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Mood problems at menopause

Mood problems a tmenopauseDepression is common and affects 1 in 5 women and 1 in 8 men at some stage of their lives (beyondblue). Depression usually responds well to treatment, but if untreated can be persistent.

At least half of those who recover from their first depressive episode will suffer additional episodes and 80% of those who have a history of two episodes of depression, will go on to have a further recurrence(1).

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Mood, depression and the menopause

  • Mood disturbance, general symptoms of anxiety and depression are common during the menopause transition (2) and this time has been shown to be one of increased risk for both depression and psychosis in some women (3) . These symptoms may be more common in those with severe vasomotor symptoms, sleep disturbance and following surgical menopause (2).
  • The likelihood of developing depressed mood during menopause may be up to three times that of women in the premenopausal period. There is also a greater likelihood of depression in those women with a history of a depressive illness (4).
  • Research has described differing presentations of depression between women of child bearing age and those in the menopause transition. The presentation at menopause appears unique, in that there were lower levels of tension and depressive symptoms, and increased levels of sleep disturbance, anger/hostility and fatigue /inertia in peri-menopausal women compared with those of child-bearing age (5).
  • The presenting symptoms of a depressive disorder may be non-specific somatic ones. This makes the diagnosis of depression difficult, particularly in a menopausal woman, where somatic symptoms may overshadow cognitive ones (6) . Recent guidelines advise that all women in the menopause transition should be screened for clinically significant depression (7) (6).
  • Women may present with mood changes and depressive symptoms, but not meet the criteria for a DSM5 diagnosis of depression.
  • Differing opinions have been published regarding the link between hormone levels and mood disorders. Judd et al (8) claim there are no clear associations between levels or changes in hormones and mood disorders at menopause, while Ryan et al (9) state there is a link between the fluctuation of hormones rather than the absolute levels.
  • There is no evidence that a first major depressive episode can be precipitated by the menopause (10) .

Symptoms of depression

DSM-IV* Criteria for Major Depressive Disorder (MDD) (11) :

  • Depressed mood or a loss of interest or pleasure in daily activities for more than two weeks.
  • Mood represents a change from the person's baseline.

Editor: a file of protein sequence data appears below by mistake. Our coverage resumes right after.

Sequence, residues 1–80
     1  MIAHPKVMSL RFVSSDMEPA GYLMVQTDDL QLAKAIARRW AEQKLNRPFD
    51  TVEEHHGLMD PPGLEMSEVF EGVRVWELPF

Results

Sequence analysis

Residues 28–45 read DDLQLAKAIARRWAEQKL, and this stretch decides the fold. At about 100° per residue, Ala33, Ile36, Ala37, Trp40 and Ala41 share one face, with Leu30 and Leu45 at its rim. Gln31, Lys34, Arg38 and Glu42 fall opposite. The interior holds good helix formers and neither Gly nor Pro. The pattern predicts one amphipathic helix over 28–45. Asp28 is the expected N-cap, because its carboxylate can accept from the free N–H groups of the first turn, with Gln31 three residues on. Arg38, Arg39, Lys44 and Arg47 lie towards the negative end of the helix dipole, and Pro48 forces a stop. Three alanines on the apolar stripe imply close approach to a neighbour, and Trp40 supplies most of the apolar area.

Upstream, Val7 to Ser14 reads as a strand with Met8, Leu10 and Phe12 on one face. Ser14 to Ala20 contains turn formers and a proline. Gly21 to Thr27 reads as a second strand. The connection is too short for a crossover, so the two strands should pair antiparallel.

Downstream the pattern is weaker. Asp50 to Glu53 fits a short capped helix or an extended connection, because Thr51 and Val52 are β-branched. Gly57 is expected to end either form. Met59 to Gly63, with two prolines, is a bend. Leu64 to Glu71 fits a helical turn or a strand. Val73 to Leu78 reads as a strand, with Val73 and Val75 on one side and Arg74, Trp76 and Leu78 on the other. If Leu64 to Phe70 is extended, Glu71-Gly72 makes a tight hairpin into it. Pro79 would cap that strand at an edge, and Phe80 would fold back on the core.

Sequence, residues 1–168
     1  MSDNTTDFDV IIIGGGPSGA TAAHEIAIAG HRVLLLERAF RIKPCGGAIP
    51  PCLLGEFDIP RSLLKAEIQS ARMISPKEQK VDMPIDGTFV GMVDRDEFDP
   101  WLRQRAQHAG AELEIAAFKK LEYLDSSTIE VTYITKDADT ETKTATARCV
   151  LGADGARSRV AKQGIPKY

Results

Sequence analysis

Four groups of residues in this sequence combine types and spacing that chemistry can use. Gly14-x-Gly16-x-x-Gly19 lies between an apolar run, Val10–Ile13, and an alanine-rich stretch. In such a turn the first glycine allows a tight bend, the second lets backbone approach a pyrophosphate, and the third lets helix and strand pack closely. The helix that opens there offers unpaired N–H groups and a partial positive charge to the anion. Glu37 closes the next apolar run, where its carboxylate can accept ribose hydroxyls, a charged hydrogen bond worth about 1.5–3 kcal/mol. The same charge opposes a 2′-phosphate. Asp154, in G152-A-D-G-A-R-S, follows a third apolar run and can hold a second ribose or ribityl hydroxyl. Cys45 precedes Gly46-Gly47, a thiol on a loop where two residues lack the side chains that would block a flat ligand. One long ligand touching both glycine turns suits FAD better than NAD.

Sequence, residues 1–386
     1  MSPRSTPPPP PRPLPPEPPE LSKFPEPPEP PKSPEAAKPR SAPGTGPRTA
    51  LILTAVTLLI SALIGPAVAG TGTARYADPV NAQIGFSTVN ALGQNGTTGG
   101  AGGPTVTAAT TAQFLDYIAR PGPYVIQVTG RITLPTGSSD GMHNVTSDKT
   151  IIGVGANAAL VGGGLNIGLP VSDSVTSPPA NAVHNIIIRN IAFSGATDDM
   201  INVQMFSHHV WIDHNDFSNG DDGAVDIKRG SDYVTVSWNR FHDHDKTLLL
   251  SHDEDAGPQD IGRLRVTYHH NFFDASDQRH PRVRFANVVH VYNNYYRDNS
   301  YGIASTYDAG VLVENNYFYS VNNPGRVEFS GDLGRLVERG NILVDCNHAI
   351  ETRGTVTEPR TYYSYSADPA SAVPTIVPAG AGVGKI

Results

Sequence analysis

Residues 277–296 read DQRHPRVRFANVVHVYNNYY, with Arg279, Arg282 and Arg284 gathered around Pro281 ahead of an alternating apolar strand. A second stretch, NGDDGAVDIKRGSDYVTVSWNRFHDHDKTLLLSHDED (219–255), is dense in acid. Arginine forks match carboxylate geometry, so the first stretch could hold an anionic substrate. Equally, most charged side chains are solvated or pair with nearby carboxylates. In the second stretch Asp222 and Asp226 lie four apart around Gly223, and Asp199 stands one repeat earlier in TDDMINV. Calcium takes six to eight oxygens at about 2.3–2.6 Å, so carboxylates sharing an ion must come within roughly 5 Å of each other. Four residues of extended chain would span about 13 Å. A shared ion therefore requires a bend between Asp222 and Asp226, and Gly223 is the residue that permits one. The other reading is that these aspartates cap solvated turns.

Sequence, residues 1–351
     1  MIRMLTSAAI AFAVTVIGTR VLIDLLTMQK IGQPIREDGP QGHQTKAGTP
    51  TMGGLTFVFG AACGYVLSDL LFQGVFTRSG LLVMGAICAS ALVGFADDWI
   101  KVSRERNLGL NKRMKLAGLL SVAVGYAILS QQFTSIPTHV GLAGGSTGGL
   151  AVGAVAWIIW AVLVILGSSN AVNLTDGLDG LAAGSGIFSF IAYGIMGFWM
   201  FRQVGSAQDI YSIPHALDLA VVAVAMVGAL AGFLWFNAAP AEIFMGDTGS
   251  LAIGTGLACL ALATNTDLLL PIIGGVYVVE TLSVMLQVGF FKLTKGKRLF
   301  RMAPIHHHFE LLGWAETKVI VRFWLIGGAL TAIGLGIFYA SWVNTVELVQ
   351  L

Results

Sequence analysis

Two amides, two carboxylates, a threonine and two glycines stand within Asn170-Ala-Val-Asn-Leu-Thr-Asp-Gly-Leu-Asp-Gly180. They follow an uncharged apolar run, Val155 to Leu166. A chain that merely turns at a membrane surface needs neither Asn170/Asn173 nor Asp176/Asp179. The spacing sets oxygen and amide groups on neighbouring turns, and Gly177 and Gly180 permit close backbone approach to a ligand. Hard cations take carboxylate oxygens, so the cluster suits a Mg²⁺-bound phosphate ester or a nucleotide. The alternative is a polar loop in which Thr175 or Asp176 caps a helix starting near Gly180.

• Impaired function: social, occupational, educational.
  • Specific symptoms, at least 5 of these 9, present nearly every day:

1. Depressed mood or irritable most of the day, nearly every day, as indicated by either subjective report (e.g. feels sad or empty) or observation made by others (e.g. appears tearful).

2. Decreased interest or pleasure in most activities, most of each day.

3. Significant weight change (5%) or change in appetite.

4. Change in sleep: Insomnia or hypersomnia.

5. Change in activity: Psychomotor agitation or retardation.

6. Fatigue or loss of energy.

7. Guilt/worthlessness: Feelings of worthlessness or excessive or inappropriate guilt.

8. Concentration: Diminished ability to think or concentrate, or more indecisiveness.

9. Suicidality: Thoughts of death or suicide, or has suicide plan.

* Criteria are unchanged in DSM5

Risk Factors for depression

(based on information from beyondblue)

Research suggests that continuing difficulties – long-term unemployment, living in an abusive or uncaring relationship, long-term isolation or loneliness, prolonged exposure to stress at work – are more likely to cause depression than recent life stresses. However, recent events (such as losing a job) or a combination of events can ‘trigger' depression in people who are already at risk because of past bad experiences or personal factors.

Personal factors

  • Family history – Depression can run in families and some people will be at an increased genetic risk. However, this doesn't mean that a person will automatically experience depression if a parent or close relative has had the illness. Life circumstances and other personal factors are still likely to have an important influence.
  • Personality – Some people may be more at risk of depression because of their personality, particularly if they have a tendency to worry a lot, have low self-esteem, are perfectionists, are sensitive to personal criticism, or are self-critical and negative.
  • Serious medical illness – Having a medical illness can trigger depression in two ways. Serious illnesses can bring about depression directly, or can contribute to depression through associated stress and worry, especially if it involves long-term management of the illness and/or chronic pain.